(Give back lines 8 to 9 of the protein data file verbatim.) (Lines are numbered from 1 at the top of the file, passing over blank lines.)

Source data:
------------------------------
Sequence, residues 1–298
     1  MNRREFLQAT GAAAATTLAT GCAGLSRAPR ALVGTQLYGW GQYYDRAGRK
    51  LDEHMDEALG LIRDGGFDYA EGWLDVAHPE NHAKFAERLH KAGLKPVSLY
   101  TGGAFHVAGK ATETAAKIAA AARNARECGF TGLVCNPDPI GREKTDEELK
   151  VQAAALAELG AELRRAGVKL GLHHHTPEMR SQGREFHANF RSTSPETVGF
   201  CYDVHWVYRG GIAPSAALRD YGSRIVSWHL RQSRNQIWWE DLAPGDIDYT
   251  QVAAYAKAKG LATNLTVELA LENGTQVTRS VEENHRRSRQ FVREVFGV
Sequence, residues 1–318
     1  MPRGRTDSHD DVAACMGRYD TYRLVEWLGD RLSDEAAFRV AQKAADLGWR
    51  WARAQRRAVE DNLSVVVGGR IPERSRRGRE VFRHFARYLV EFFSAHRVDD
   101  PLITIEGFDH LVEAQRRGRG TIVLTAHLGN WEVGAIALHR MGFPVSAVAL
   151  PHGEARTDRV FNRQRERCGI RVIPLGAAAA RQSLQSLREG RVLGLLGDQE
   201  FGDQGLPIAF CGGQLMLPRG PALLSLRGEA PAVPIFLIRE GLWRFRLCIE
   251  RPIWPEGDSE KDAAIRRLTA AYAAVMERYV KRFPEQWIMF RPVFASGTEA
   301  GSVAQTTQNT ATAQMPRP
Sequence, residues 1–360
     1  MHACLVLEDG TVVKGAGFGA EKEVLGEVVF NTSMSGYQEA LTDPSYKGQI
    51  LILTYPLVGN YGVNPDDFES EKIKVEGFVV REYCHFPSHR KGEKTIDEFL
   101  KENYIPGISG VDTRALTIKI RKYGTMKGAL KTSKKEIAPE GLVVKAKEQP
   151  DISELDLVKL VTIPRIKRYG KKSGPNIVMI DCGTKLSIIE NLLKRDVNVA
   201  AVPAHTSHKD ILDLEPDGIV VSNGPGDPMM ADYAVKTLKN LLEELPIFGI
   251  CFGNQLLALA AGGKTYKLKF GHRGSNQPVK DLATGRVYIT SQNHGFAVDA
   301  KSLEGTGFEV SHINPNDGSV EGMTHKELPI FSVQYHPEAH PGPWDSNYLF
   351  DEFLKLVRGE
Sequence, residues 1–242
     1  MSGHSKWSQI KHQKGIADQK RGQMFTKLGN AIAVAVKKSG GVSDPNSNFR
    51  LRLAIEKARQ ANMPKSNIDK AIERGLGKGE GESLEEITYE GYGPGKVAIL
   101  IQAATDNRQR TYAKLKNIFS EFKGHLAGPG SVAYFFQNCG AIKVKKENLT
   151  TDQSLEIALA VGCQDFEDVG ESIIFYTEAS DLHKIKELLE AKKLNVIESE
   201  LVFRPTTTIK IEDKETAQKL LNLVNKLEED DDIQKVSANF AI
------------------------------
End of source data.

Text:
Sequence, residues 1–318
     1  MPRGRTDSHD DVAACMGRYD TYRLVEWLGD RLSDEAAFRV AQKAADLGWR